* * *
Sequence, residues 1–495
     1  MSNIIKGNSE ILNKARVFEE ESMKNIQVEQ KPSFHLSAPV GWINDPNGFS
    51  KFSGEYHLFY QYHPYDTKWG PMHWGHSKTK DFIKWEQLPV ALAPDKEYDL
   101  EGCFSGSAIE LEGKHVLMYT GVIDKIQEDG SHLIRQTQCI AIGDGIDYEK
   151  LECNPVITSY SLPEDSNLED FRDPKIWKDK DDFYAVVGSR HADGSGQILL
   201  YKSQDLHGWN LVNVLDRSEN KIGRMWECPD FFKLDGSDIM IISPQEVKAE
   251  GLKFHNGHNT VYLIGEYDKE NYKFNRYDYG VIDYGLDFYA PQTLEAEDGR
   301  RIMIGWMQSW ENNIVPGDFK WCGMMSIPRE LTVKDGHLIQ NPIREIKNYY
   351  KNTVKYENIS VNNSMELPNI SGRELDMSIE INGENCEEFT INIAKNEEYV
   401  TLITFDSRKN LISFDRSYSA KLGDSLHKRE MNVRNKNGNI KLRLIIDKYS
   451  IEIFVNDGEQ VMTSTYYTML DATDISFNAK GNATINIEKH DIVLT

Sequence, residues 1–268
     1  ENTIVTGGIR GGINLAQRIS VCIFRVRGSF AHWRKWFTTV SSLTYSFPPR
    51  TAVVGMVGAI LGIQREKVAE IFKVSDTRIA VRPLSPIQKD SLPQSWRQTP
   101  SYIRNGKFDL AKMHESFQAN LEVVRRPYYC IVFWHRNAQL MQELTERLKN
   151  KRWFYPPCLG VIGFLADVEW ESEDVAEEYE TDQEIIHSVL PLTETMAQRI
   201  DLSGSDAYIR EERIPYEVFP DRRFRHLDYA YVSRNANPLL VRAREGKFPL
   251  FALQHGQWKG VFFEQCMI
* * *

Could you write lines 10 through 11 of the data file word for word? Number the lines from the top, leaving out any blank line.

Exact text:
   401  TLITFDSRKN LISFDRSYSA KLGDSLHKRE MNVRNKNGNI KLRLIIDKYS
   451  IEIFVNDGEQ VMTSTYYTML DATDISFNAK GNATINIEKH DIVLT